Business interruption insurance: business continuity plans
You’ve learned about the importance of identifying risks and income streams. Now, we turn our attention to business continuity plans.
Why do you need a business continuity plan?
Developing a business continuity plan is a practical way of getting your business up and running and staying operational, in the eventuality of an adverse event. No business is too small to have a business continuity plan in place. It could be the difference in a business recovering from an adverse event or not.
Proper risk management informs your business continuity. One of the key inputs is your risk register – you need to identify each risk and unpack it to compare them with the controls you have over those risks.
Risks are uncertainties in your business operations and operating environment. When an event occurs (i.e. the risk materialises), you fall back onto a business continuity management and disaster recovery plan. It is important to understand the context of your unique business and the internal and external uncertainties it faces.
- Identification, evaluation and treatment:
It is vitally important that risks are identified, evaluated against your risk appetite and treated to ensure the inherent risk exposure is reduced. Unfortunately, even the best controls fail. We cannot have controls in place for every eventuality, but we can be prepared for the vast majority of catastrophic events by remaining agile in our thinking, and ensuring we have adopted good business continuity practices in a robust business continuity plan.
- Treat, terminate, transfer, take:
There are four options:
- Treat the risk by reducing the impact or the likelihood of occurrence with controls. E.g. to mitigate the risk of fire, a business can install smoke detectors and fire extinguishers.
- Terminate the activity, if the risk is too high. The project or activity may be terminated to remove the risk. E.g. cancelling a risky project or product line because it exceeds the risk appetite of the organisation, is a common occurrence.
- Transfer the risk through insurance or outsource the activity to third party by setting up an outsourcing contract.
- Take the risk because the controls would be ineffective or cost/resource intensive to mitigate. E.g. the risk of an earthquake is real, but the cost of mitigating a natural catastrophe is significant for most organisations. Any risks that you might be unable to address in your business continuity plan, will become really high and you would need to consider if you want to take on those risks.
Managing your supply chain
There are risks across the entire supply chain. Depending on how much your business relies on your suppliers and clients, the risks that they face can have an impact on your business. For example, if you rely on 50% on Client A, you will lose half of your income if their business closes. You need to understand the business continuity plans of your suppliers and clients, in order to protect your business.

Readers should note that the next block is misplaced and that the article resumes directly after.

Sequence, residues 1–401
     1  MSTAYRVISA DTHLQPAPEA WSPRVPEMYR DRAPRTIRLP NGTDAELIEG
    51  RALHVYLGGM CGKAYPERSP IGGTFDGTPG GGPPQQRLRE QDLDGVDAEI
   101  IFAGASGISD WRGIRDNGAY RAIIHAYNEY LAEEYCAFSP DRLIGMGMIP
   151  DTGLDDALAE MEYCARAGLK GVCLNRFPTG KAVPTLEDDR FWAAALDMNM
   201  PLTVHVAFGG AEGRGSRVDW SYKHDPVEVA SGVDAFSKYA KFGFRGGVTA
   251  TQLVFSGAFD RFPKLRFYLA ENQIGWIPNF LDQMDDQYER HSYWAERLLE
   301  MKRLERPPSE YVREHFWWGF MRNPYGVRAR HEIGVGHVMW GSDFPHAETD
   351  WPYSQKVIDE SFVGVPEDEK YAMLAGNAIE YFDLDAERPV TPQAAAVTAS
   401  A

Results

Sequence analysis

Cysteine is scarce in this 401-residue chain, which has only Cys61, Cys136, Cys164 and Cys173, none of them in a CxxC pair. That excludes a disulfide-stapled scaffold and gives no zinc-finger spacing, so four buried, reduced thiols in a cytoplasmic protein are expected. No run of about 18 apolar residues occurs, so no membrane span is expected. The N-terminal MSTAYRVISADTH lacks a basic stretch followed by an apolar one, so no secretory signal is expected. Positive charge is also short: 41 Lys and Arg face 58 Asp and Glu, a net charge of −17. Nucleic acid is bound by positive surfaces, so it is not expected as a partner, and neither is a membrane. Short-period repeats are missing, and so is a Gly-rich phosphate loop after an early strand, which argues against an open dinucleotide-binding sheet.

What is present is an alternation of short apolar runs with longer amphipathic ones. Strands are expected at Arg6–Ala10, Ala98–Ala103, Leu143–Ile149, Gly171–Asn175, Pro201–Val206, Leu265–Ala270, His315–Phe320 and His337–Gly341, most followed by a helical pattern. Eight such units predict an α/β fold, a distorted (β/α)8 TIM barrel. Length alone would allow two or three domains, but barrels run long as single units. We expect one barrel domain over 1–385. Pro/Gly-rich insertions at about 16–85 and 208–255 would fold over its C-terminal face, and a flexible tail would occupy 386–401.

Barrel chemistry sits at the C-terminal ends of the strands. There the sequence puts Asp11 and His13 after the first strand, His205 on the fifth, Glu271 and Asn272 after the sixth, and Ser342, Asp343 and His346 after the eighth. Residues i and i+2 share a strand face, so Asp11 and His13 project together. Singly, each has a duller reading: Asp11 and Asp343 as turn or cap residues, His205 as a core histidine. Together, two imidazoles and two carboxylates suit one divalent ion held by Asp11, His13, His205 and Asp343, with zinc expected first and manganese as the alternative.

Consider cover for your key supplier and customers:
- Supplier extension:
If you have key suppliers, and they experience an insured event like a flood – which results in closure for several months – you may be protected from the impact this could have on your business.
- Customer extension:
If your biggest customer experiences an insured event like a fire, you may have protection against the loss of income on your business.
How resilient is your business?
In other words, how equipped is your business to handle adverse events? If you have a super resilient business with a continuity plan in place covering a multitude of eventuality and resource requirements, you will be able to adapt to any adverse event that materialises, activate your plan and get on with business.
- Disaster recovery plan:
Generally the disaster recovery plan (DRP) focuses on the continuity of information technology (IT). How quickly are you able to start up again, in terms of servers, data, etc.? Your business might still be standing, but will you be able to operate without your key operating system, communication infrastructure, and customer/supplier information? Cyber risks, like hacking and data extortion, increase the need for effective DRPs.
- People, time and resources:
Ask yourself the following:
- If there is a fire, what do you do?
- Scenario planning is an important tool
- Do you have a back-up site?
- Do you buy local or import?
- Do you have back-up equipment?
- How long will it take to get to the secondary site or import equipment?
- If there are delays, how soon will you be back up and running?
- How many people can work remotely
- Do you have sufficient time to recover?
- When an event occurs, you need to react as if you are uninsured and action your business continuity plan swiftly, so that you can get your business up and running.
- Consider insurable vs uninsurable risk carefully. You need an effective business continuity plan (BCP) for both insurable and uninsurable risks. Often your insurer will insist on an effective BCP, as this is key to reducing any downtime and reinstating normal operations as soon as possible. In the event that risks are uninsurable, it will be in your best interest to consider possible scenarios and how they will impact your business.
- Often, we think of recovery only in terms of having the business up and running, but we forget about the loss of market share and customers that will need to be converted back to your brand. This takes time.